Smit has executed more than 25 salvage operations worldwide since the beginning of the global coronavirus pandemic
The tug owning and salvage subsidiary of Boskalis group has also increased its market share of US Oil Pollution Act OPA90 operations to 50% after jointly acquiring Ardent Americas with Donjon Marine.
Smit Salvage managing director Richard Janssen said emergency response and wreck removal was not halted because of Covid-19, although operations were more challenging.
“It is a testimony to the dedication of all our staff across the globe who, despite the uncertainty and challenges and adherence to our strict travel and quarantine protocols, continue to help shipowners in distress,” he said.
“Like many organisations, specific protocols needed to be quickly introduced and open communication became paramount in keeping up to date with this global health crisis that was changing daily.”
Mr Janssen said Smit personnel had introduced strict health measures to ensure salvage work could continue unabated, and were evacuated if there were higher risks.
“We could continuously assess any potential risks and at the point when the safety of our people and specifically, the medical support response, could no longer be guaranteed, we extracted the team – chartering planes if required – to bring them safely home,” he said.
Coronavirus challenged Smit to maintain the short period between an accident being reported and deployment of salvage teams. “The preparations required to ensure the speed in which we respond to international emergencies is certainly far more complex now due to additional quarantine regulations,” Mr Janssen continued.
“Therefore, it is more important than ever that we continue with an agile approach and respond accordingly to the changing nature of this crisis in the months to come.”
Wakashio salvage operations
This year, Smit assisted on one of the most high-profile salvage projects to date. Capesize bulker Wakashio ran aground on a coral reef offshore Mauritius in July, releasing almost 800 tonnes of fuel oil into the sea. Smit mobilised a team of 30 personnel to the site and removed more than 3,000 tonnes of the remaining bunker fuel, despite bad weather and high waves.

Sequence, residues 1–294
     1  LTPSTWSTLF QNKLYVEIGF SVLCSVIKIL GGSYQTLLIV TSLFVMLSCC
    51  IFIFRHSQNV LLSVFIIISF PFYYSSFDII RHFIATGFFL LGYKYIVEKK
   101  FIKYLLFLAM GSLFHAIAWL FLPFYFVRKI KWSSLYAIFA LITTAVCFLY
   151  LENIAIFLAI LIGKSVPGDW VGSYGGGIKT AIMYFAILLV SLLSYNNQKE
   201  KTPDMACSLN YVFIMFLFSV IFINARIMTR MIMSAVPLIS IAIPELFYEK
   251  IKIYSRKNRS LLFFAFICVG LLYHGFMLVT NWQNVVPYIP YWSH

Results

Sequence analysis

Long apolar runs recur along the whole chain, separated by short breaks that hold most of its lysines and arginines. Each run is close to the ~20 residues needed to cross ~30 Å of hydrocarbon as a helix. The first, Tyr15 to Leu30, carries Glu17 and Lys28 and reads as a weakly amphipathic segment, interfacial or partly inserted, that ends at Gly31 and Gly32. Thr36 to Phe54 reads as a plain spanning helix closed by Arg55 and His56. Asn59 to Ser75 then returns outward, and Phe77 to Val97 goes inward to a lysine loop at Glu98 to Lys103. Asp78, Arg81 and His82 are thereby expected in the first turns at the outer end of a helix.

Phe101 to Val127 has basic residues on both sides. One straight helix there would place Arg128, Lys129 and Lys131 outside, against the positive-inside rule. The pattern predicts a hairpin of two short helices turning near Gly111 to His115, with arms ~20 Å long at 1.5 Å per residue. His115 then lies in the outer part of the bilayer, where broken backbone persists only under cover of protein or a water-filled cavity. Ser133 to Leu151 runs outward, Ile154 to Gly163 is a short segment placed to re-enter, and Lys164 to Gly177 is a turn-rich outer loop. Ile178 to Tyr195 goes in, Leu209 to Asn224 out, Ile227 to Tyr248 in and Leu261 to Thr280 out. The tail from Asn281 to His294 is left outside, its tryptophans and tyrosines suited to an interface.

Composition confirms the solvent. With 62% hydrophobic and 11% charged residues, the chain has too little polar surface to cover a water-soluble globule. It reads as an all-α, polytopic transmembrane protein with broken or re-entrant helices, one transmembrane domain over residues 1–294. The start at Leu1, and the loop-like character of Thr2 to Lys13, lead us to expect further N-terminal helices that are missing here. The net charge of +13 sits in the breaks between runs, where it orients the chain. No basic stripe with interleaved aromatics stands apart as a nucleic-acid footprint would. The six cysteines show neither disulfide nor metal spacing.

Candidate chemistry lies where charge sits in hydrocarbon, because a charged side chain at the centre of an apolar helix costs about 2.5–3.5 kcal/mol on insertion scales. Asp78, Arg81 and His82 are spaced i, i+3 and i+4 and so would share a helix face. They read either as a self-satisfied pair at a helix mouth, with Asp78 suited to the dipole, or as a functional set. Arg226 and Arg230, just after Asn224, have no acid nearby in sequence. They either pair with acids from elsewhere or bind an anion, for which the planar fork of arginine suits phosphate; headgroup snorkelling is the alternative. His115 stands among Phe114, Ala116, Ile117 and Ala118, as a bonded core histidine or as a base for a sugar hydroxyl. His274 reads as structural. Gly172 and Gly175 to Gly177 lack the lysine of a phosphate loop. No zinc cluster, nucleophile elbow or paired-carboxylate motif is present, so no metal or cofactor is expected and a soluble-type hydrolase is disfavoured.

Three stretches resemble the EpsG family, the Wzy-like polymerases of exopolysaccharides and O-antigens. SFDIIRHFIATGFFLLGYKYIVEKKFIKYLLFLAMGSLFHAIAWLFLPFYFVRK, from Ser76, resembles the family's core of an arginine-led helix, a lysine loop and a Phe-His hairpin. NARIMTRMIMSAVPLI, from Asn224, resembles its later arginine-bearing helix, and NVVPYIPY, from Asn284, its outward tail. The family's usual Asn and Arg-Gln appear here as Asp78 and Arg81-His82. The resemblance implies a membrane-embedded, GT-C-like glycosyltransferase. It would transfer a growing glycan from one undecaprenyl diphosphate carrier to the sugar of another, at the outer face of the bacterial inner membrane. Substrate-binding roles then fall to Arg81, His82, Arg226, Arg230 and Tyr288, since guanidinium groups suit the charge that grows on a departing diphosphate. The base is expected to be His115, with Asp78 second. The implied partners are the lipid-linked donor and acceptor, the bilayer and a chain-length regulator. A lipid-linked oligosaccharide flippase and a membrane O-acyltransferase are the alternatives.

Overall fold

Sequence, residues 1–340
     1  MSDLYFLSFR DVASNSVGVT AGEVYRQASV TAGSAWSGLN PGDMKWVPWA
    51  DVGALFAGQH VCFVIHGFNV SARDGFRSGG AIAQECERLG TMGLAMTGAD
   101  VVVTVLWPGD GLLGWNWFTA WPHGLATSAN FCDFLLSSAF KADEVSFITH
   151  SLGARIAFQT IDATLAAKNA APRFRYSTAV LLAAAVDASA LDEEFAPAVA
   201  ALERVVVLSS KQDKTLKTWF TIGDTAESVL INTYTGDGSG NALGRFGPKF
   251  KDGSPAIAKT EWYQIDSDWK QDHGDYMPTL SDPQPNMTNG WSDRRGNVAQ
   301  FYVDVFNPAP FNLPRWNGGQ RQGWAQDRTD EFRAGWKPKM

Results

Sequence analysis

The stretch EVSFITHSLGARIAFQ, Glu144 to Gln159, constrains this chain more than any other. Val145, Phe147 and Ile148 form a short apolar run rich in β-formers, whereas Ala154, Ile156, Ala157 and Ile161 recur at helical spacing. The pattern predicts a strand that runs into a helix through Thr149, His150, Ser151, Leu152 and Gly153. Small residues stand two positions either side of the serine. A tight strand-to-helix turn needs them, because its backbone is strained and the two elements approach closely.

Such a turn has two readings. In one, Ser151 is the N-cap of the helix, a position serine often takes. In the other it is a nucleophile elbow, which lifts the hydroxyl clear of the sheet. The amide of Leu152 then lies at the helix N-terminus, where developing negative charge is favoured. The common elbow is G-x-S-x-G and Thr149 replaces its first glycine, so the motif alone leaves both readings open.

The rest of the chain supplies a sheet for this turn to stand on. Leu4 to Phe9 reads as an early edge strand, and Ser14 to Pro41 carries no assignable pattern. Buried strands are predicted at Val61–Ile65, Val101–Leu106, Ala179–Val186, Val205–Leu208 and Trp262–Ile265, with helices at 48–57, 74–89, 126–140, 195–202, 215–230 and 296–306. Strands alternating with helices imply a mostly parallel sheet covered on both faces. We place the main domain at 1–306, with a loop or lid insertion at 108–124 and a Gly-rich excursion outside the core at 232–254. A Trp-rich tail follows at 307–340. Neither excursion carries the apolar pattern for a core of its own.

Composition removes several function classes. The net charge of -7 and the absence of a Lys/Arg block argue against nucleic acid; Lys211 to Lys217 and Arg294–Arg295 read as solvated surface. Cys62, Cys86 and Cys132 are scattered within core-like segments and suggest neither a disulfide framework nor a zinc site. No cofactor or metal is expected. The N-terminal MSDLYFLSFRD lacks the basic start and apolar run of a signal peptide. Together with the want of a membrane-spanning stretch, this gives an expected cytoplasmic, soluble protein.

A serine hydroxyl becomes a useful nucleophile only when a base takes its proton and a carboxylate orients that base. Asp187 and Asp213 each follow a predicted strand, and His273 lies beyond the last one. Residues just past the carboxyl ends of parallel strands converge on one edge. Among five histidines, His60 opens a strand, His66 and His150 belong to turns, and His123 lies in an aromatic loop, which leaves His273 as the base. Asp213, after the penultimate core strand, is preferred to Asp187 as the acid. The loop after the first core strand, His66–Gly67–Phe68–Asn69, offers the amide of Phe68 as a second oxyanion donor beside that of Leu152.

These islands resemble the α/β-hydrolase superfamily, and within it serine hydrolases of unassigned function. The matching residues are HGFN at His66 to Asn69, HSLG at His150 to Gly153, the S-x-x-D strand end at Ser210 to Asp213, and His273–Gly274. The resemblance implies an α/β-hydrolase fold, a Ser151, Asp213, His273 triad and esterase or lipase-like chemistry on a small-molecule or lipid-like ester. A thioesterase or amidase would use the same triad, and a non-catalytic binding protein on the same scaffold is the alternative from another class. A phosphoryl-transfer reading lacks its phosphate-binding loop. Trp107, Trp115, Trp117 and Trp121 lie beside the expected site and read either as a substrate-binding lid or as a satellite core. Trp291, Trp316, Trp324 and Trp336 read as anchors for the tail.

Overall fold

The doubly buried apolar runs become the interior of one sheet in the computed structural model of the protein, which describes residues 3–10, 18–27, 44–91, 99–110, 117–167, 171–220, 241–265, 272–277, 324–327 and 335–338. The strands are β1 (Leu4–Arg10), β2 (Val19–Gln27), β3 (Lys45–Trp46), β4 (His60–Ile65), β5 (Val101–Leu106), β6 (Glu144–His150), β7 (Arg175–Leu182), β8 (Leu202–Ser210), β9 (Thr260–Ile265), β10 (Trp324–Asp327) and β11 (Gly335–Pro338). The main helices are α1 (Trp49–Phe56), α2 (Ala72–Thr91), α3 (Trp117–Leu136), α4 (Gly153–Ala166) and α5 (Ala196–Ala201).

Bunker fuel was transferred to a chartered tanker or pumped into large portable tanks on the deck, which were taken away by helicopters when the tanker could not remain alongside the casualty due to high seas. Around 85% of the original bunker oil was removed, said Smit.
A connection was established by drone between the grounded ship and tug Boka Expedition to enable a fast reaction if Wakashio started to break up.
This happened on 15 August, causing the bow section to separate from the stern. A towing connection was then rigged up to a second tug, Boka Summit.
These tugs, each with 205 tonnes of bollard pull, refloated the bow section on 18-19 August. Smit said the bow was then “towed to a location designated by the authorities, where it was scuttled in a controlled way in accordance with the instructions of the client and the authorities”.
Salvage work continues, with Smit sanitising the stern section and determining the removal of the stern that remains grounded on the reef.
Also this year, Smit refloated 75-m offshore support vessel (OSV) Ramco Crusader, which sank 45 km off Fortaleza, Brazil in 2013.
This vessel was upside down on the seabed at a depth of 25 m. Divers had to apply patches to make tanks airtight and install a network of pipes and connections to the various compartments in 2019.
Wreck removal work was suspended due to weather, but Smit returned this year and completed a complicated refloat of the OSV.
In the US, DonjonSmit’s first OPA90 salvage (after the acquisition of Ardent Americas) involved refloating general cargo vessel Nomadic Milde, which had run aground in the Mississippi River in Louisiana in May.
In France, Smit salvaged 120-m inland vessel Pampero, which had collided with one of the gates of the Sablons lock on the Rhone River. It was carrying 2,000 tonnes of vinyl chloride, a highly flammable cargo, which local organisations were not equipped to deal with. Smit removed this safely and advised insurers and the authorities of the measures needed to prevent a disaster.
During Q3 2020, Smit completed a complicated wreck removal in the northern part of Svalbard, Norway.
Deep into the Arctic, fishing vessel Northguider grounded and partially submerged in December 2018. Bunkers from the vessel were removed by Ardent Global in 2019 and Smit was awarded the wreck removal contract in June 2019. This contract was based on preparing, parbuckling and patching the hull for a supported refloating of the wreck.
Smit and partner Multraship attempted the wreck removal in Q3 2019, but halted operations when it became clear damage to the hull was far more extensive than anticipated. Operations were also hampered by the worst ice season in 30 years.
In July 2020, Smit returned by mobilising a fleet of nine vessels including tugs, two barges and an accommodation vessel, plus 40 salvage and demolition personnel, heavy machinery and other equipment.
Smit mitigated the impact of high winds and low temperatures on personnel and machinery. It maintained compliance with IMO’s Polar Code for vessels and dealt with ice in the water and inside the wreck. The team successfully cut up the wreck and loaded it onto the barges for transportation and disposal.
Information sourced from International Salvage Union (ISU) quarterly newsletter Salvage World. Richard Janssen is president of ISU.
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